- The sample size is small and therefore the findings may not be generalised to all care workers who may use physical restraint across the whole of Norway
- The findings from this study are specific to Norway and as such we are not able to generalise them to other populations and countries
In summary, some interesting themes in learning disability care emerge from these findings. In particular it would seem that the experience and knowledge of direct care staff is key in implementing safe practice in care settings, as well as the opportunity to access training in order to instill positive attitudes in staff.
The previous under-reporting of incidences where physical restraint has been used is acknowledged by staff within this research sample. In terms of practice implications, it would seem that supporting teams to access training, as well as to rigorously report the use of physical restraint, creates a more open culture within care settings. It seems that whilst the use of physical restraint had increased in Norway, that this may actually be due to safer staff practice.
Overall, this may create safer and more respectful care for individuals with learning disabilities. However, it begs to consider what staff practice around using restraint techniques was like before their legislation changed if many incidences were not reported!
Lastly, we must also remember the findings here were very specific to the sample and country used, and therefore we cannot generalise these findings to elsewhere in the world. I also feel that more research would be valuable into the behaviour management techniques used by staff to reduce the use of physical restraint in the first place. Whilst the increased number of incidences may be due to safe practices, it also leaves the question open as to whether staff are using proactive techniques in avoiding restraint procedures in the first place.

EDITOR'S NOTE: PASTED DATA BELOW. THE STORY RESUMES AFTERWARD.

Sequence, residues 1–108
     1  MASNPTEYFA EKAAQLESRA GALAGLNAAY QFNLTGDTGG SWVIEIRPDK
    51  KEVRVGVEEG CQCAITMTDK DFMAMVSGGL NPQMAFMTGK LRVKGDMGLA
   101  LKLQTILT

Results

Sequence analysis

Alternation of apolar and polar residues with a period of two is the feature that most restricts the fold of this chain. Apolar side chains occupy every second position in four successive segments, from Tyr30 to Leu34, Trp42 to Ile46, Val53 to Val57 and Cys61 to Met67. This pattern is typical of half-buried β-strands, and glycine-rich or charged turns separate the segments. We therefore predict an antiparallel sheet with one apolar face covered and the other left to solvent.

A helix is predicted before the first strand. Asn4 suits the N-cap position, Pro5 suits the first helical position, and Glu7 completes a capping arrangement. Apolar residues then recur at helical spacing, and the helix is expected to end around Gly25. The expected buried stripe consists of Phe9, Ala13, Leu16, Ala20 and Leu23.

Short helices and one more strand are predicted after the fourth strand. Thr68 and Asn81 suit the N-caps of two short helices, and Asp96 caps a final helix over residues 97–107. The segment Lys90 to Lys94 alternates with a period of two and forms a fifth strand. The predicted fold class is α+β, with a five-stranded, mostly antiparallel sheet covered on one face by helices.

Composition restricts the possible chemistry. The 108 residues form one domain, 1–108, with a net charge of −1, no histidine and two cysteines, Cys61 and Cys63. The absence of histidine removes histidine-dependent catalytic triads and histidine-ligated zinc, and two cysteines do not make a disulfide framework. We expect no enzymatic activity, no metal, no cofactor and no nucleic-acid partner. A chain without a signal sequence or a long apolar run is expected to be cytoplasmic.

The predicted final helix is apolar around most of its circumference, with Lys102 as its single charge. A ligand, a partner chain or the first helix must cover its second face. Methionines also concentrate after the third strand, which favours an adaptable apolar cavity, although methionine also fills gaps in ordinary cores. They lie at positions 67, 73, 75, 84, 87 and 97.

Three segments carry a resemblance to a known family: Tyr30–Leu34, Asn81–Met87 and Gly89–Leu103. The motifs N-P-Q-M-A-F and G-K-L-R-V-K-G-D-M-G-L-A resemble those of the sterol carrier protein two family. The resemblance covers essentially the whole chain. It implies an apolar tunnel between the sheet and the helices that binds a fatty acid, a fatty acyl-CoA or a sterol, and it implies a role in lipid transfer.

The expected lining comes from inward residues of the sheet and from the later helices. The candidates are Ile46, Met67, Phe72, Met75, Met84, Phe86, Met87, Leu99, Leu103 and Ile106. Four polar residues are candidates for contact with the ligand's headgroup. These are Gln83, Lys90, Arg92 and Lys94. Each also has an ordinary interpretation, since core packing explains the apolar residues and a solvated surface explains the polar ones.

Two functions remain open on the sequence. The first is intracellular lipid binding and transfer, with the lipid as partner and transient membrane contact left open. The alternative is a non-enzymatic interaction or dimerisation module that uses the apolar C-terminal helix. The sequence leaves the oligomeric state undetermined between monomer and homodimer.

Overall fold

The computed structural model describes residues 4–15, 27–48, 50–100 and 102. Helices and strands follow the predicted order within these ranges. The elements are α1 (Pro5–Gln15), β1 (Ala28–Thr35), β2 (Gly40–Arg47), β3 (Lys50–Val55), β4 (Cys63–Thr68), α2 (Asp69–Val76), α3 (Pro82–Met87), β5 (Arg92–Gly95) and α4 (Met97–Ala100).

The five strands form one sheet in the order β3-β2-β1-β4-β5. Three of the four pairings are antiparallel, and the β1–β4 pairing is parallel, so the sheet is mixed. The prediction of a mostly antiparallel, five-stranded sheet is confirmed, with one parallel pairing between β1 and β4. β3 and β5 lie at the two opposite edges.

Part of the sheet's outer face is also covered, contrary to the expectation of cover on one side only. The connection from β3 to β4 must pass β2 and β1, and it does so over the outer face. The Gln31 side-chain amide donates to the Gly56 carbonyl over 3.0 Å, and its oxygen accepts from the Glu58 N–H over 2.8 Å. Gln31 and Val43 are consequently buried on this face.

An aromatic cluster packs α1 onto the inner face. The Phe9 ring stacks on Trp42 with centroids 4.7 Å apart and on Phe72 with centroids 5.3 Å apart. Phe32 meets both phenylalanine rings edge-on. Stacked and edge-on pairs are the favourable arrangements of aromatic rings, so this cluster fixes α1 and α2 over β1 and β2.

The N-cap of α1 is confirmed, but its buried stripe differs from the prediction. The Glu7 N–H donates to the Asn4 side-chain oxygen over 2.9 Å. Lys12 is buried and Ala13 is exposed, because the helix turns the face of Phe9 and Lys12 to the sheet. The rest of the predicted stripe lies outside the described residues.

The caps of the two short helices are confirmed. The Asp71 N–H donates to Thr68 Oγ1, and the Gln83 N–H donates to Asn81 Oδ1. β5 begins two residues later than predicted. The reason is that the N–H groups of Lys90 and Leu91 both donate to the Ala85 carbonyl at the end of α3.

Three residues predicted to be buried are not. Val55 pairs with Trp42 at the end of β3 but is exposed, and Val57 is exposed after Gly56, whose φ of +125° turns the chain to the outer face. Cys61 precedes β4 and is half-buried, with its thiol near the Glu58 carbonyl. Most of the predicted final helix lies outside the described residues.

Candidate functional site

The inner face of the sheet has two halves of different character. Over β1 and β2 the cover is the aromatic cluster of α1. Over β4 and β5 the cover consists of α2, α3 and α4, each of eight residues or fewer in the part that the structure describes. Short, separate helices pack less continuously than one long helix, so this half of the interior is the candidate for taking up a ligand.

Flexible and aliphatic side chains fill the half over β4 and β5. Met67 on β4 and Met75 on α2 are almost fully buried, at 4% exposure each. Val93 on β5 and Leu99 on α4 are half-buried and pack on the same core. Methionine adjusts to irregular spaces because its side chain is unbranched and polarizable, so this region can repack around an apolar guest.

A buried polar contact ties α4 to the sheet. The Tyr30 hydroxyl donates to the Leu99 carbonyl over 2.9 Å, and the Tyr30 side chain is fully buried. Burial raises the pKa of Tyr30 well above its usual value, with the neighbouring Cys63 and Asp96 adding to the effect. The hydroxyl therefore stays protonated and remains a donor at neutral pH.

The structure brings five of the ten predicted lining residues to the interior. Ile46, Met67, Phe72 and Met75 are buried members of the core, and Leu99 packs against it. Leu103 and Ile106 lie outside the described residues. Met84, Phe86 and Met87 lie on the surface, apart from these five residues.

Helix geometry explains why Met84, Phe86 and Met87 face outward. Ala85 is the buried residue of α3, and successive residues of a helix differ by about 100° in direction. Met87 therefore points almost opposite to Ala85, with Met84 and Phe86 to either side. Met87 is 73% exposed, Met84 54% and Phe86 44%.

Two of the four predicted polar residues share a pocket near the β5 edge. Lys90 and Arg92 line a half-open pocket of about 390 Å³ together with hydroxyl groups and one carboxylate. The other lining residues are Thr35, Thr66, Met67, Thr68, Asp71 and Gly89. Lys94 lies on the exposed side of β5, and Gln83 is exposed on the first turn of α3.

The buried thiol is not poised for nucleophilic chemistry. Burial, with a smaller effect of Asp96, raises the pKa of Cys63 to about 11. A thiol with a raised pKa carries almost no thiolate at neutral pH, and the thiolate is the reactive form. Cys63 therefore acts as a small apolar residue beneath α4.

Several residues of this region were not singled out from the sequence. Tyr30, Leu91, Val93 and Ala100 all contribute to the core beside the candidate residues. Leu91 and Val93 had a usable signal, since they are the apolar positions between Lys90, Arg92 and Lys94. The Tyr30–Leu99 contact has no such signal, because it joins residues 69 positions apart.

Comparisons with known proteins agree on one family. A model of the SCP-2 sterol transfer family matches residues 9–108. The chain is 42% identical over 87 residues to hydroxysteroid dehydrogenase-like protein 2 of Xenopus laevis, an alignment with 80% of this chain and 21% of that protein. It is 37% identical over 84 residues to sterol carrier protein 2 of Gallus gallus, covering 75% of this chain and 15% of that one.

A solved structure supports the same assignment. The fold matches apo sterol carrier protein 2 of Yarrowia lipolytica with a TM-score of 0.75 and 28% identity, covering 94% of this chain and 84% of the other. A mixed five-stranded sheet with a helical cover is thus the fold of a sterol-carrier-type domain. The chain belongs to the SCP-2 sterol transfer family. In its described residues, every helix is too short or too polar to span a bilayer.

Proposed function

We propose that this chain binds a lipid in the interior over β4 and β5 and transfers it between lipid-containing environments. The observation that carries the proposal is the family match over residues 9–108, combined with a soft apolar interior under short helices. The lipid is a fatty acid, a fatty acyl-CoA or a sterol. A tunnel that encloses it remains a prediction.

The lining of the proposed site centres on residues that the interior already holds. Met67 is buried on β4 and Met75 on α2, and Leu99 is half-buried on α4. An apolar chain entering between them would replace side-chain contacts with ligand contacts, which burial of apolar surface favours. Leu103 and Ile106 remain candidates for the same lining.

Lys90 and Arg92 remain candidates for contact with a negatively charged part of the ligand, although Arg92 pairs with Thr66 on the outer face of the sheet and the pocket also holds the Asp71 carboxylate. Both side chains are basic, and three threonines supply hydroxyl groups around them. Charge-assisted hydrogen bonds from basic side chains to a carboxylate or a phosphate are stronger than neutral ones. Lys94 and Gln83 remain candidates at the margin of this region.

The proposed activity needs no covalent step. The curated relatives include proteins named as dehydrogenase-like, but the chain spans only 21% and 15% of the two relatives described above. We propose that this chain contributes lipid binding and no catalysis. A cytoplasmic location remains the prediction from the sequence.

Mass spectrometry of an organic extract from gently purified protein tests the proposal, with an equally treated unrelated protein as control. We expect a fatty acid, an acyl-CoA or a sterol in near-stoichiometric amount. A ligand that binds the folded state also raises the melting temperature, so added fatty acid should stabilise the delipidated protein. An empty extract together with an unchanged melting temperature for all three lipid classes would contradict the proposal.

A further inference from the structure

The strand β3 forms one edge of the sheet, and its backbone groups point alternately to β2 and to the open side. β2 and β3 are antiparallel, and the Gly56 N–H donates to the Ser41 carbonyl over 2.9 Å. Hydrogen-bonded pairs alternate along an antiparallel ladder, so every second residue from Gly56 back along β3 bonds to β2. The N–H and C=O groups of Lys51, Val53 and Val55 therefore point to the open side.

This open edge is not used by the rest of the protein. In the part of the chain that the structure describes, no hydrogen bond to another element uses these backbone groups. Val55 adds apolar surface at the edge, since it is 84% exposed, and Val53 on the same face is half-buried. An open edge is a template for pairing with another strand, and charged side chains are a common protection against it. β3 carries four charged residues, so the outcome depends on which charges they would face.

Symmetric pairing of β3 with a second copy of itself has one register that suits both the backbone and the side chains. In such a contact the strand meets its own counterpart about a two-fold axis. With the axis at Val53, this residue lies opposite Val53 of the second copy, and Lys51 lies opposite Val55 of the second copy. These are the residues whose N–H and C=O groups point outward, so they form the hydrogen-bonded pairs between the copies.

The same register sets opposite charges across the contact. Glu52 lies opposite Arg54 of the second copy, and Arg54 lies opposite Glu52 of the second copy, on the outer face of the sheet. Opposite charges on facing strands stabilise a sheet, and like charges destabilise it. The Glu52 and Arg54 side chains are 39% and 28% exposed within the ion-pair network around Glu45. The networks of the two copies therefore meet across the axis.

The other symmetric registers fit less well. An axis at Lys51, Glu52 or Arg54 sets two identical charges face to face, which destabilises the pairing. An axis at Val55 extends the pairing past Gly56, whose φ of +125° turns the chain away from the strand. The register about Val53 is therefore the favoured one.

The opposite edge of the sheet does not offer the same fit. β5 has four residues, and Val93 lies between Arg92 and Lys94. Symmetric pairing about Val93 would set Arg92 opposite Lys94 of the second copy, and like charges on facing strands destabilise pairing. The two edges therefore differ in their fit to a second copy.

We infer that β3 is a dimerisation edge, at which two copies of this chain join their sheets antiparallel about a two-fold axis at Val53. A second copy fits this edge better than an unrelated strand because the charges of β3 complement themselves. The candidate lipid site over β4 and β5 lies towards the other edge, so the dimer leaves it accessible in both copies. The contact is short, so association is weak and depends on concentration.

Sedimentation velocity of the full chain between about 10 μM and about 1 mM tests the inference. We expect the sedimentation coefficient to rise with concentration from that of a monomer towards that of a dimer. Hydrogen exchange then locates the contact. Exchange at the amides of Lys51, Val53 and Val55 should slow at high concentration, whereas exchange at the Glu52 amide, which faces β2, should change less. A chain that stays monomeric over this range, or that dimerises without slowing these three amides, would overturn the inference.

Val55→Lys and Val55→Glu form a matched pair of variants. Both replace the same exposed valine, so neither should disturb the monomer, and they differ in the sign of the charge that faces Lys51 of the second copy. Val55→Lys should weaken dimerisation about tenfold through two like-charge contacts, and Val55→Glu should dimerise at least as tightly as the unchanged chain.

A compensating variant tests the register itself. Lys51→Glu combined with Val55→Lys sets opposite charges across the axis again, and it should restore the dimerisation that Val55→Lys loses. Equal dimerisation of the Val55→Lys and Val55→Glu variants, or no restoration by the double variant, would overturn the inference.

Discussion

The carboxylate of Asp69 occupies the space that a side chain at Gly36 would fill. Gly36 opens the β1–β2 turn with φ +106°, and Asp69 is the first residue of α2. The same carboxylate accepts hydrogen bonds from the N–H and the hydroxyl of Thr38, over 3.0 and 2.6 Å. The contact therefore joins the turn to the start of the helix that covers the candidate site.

Practitioner Explanations for the Increasing Use of Restraint Measures in the Care of People with Intellectual Disabilities in Norway, Søndenaa, E., Dragsten,F., and Whittington, R.. (2015), Journal of Policy and Practice in Intellectual Disabilities, Volume 12 (1), pp. 58-63 [abstract]
Emerson, E., Robertson, J., Gregory, N., Hatton, C., Kessissoglou, S., Hallam, A., & Hillery, J. (2000). Treatment and management of
challenging behaviours in residential settings. Journal of Applied Research in Intellectual Disabilities, 13, 197–215.
Lundström, M. O., Antonsson, H., Karlsson, S., & Graneheim, U. H. (2011). Use of physical restraints with people with intellectual dis-
abilities living in Sweden’s group homes. Journal of Policy and Practice in Intellectual Disabilities, 8, 36–41.